Last fall Carl of Uke of Carl asked if I’d feature his site in a news post on Ukulele Review. I said I’d be happy to and then promptly forgot to do so. Oops… Today while cleaning out my email inbox, I found that message to Carl and decided not to put it off any longer.
Uke of Carl has a unique collection of TV, Movie and Game theme songs that have been tabbed for the ukulele. Most of songs include a video of Carl playing the tune. You can watch the video for free and the tabs are also free – with one caveat. You have to email Carl and ask for each tab file to be sent to you. They aren’t available for download directly from his site. He also asks for Paypal donations, but says they are not required.
In addition to tabs, Carl offers instructional eBooks of various topics such as Jewish Ukulele, Group Ukulele vol 1&2, Christmas Duets and more. Unlike the tabs, the eBooks are not free and range in price from £5 – £8.
Have you ever purchased a Ukulele eBook or tab file online?
Notecrackers are pocket-sized quick reference flash cards. They are available in topics such has Music Theory, Keyboard Chords, Blues Chords, Music Trivia and now there’s a Ukulele Chords version. Each Notecracker pack contains 70 cards that are printed on both sides with easy to read clear fingering diagrams. They are priced at $4.70 and are available now.
Did you find a shiny new ukulele under your Christmas tree yesterday and now don’t know how to get started playing? Here are 5 great resources to give you a jump start on having fun with your new instrument without spending any (much) money.
1. Ukulele Underground is the best and most active community for ukulele fans, players and enthusiasts on the net. Aldrine and his crew offer up free high quality instructional videos every couple of week and the online forums are the best place to ask questions songs, instruments, etc. You can even sign up for virtual classes.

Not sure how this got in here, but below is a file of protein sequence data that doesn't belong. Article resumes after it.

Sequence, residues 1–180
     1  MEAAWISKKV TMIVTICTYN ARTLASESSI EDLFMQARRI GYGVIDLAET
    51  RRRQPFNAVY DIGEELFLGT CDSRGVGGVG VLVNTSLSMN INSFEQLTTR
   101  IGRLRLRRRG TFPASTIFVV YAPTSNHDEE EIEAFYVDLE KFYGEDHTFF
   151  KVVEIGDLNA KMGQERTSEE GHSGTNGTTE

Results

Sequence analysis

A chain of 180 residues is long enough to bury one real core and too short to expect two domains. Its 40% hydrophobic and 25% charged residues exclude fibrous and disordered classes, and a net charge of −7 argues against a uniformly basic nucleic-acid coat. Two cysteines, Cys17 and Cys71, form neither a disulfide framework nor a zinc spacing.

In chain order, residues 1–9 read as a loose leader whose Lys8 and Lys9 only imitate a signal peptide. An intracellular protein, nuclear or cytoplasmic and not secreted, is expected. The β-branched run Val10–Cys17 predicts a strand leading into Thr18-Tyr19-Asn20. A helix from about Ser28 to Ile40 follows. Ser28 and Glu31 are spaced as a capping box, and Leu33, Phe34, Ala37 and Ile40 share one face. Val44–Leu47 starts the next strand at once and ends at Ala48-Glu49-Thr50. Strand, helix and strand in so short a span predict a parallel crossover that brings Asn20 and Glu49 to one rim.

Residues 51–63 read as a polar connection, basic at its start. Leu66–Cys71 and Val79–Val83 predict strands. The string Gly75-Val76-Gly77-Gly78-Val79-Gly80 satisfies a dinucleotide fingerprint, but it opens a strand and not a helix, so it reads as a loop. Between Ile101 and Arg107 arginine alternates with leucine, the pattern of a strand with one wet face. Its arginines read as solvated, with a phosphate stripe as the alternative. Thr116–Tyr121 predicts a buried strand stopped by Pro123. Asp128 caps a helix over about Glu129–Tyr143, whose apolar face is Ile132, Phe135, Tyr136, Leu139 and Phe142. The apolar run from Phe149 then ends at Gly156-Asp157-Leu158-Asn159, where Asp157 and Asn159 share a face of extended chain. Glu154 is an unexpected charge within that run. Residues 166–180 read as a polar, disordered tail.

2. YouTube should be an obvious destination, but I’m going to mention it anyway just to emphasize that you can find video tutorials for almost any tune you can think of. Want to learn to play Smoke on the Water on your uke? No problem!
3. Uke Hunt is another favorite destination of mine. Al Woodshed offers a great selection free TABs and chords for popular songs. He also has a growing library of How-to eBooks for beginners and advanced players. The songs are offered in TAB and include an MP3 and a video demonstrating the tune as well.
4. Dominator tabs is a site for intermediate players and beginners that need some inspiration. Dominator offers TABs for quite a few Jake Shimabukuro and James Hill tunes. If you don’t know who either of these guys are, you need to go to YouTube right now and search on their names. Do it. Now!
5. Curt Sheller’s All Things Ukulele page is the place to go for ukulele history and links to all sorts of interesting ukulele related sites including clubs, festivals, TAB sites, and free eBooks.
Now that you have all this good info, go play that new instrument!
The other night while watching TV, I caught a new iPad mini commercial from Apple. This one features a little girl playing a ukulele and singing a song to her grandpa. The little girl is using Facetime on her full sized iPad while her grandpa is watching at the other end with his mini. Cute right? Then this morning I get an email from someone who decided to take it to the next level and make a sequel to that commercial. You can can enjoy that video after the jump. Read the rest of this entry »